8 Tips for Writing with Neuro / Cognitive Disability – Part Two

Rainbow puddle

This is the second part of my post on how I finished writing my novel, The Accident, after acquiring a neurological disorder. (If you missed Part One, you can find it here.)

If you have any tricks of your own on writing with cognitive disability, please let me know in the comments—I’m always looking for tips!

Stop. Just stop.

One of the more frustrating aspects of cognitive disability is the impact it has on decision-making skills. When I’m off balance, I can’t see the forest for the trees. My OCD kicks in and I start doing things like measuring the distance between the sofa and the wall to make sure both ends are even at 3 AM until my husband gently suggests I knock it off and come back to bed.

I’ve learnt to delay scratching the itch, so to speak, by writing down what it is I want to do and planning do it in the morning if it still matters. And taking the same approach with my writing has made a massive difference to my productivity level.

Instead of spending an hour rearranging the same three words, I circle the spot where my brain’s getting stuck and tell myself to back away and let the phrase breathe. 9 times out of 10, when I return to it clear, I feel like it’s fine and leave it.

Stop sign


Flag it

Somewhere in the last couple years, I lost the ability to function when I’m tired. If I don’t stop when I need to stop, it can take me days to recover. And yes, this applies to reading and writing as much as anything else; if I push myself to do “just one more page” after I’ve had enough it literally makes me sick.

Experience tells me there’s little point in butting my head against the wall if I’m not breaking through with my writing, so now I make notes along the lines of Something Important Needs to Happen Here or Big Change of Heart for This Character and revisit it when I’m feeling refreshed.

Multi-colored tape flags


Phone it in

Being neurologically ill is hard work, and sometimes my brain switches to Standby mode right in the middle of a job. These are the days when I stare at my own name and question whether I’m spelling it correctly. If it’s a once-off afternoon, I put the writing aside, but if I’m having an entire stupid week, then I stay on task and just keep going through the motions.

I sit at my desk and write absolutely terrible drafts, filling page after page with placeholder text along the lines of: “Kristin walks her dog to the coffee shop and has a very meaningful and life-affirming conversation with the barista.” I feel no emotional connection to the words, but they flesh out the scene and give me something to deal with once I’m switched on again.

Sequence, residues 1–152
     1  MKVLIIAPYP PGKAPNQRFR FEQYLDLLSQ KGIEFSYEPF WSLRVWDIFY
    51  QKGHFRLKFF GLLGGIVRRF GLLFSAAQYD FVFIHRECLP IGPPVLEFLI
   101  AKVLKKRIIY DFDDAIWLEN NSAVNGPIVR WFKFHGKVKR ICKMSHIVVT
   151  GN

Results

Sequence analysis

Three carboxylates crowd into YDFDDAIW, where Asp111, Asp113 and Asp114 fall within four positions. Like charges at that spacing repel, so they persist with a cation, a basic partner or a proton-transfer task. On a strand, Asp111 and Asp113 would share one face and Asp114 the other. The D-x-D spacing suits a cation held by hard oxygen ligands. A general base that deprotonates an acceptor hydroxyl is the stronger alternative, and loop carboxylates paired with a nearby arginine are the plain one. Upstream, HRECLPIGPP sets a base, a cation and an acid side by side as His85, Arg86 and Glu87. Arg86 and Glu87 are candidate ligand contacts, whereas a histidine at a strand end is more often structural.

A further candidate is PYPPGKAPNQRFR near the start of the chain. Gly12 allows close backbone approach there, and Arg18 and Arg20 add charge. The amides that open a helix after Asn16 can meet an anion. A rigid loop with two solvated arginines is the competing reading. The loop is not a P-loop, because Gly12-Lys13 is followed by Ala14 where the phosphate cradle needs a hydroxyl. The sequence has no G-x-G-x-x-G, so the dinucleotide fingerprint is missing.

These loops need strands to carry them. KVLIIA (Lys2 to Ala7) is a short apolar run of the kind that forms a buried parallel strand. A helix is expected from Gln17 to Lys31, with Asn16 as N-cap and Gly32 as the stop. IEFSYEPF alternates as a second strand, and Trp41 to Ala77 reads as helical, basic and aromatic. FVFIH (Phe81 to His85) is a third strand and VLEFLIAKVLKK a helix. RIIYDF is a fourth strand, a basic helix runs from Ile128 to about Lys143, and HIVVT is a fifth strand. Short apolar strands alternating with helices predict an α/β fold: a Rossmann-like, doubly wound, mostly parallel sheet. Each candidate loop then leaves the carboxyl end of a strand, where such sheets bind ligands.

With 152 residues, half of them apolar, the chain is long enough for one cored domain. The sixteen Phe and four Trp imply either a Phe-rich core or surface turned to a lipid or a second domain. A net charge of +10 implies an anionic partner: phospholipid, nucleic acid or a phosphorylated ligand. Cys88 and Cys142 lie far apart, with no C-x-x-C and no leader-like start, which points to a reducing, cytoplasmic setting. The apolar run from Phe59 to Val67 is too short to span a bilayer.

Old grey phone


Clean it up

Neurological disorder is, by definition, messy. When I’m unwell, I bump into things both physically and metaphorically. My thoughts not only lack cohesion, I experience what I call “black holes” where it feels like my brain actually skips a beat.

At such times, I find myself saying the same thing over and over, albeit in slightly different ways. I’m also prone to using strings of adjectives as anchors. This repetition and rhythm play an important role in my writing process, but a reader wants to see the finished product, not the writer’s tools.

Revision is crucial, but especially challenging when you’re in the grip of cog fog. It helps to go in with a strategy. Think of how you read when you’re tired, what kind of things your brain needs to make sense of a story—and only keep that. This is how I edited The Accident down from its longest length of 119K words to a final count of 86K.

Green broom


I hope this has been helpful to you. Writing while neurologically impaired isn’t easy, but there are definitely ways to make it easier.

Now over to you. Do you have a cognitive disability? How has this impacted on your writing? Have you found anything that helps you organize and express your thoughts?

—Nicole Melanson

4 thoughts on “8 Tips for Writing with Neuro / Cognitive Disability – Part Two

  1. I’m not sure if it’s classed as a neurological condition but my fibromyalgia manifests as sever chronic migraines. I usually write in the morning when my brain is clearer. And if I’m having a rough week it means I can’t read or write, as my vision and brain function don’t work. I’ve learnt not to be hard on myself and take the time to recover or else it takes longer to get back to my normal.
    Love your possitive outlook. 😊

    Liked by 1 person

    • Hi Lorraine, a lot of people with chronic illness seem to function better in the mornings. I don’t know about you but that was a big adjustment for me as I used to be a night owl. And I hear you on the migraines. Mine are painless but I get horrible dizziness and vertigo and there’s just no way to work around that. It’s frustrating but I agree with you that there’s no point in being hard on yourself – you just have to work when you can work! Thanks for sharing your thoughts. 🙂

      Liked by 1 person

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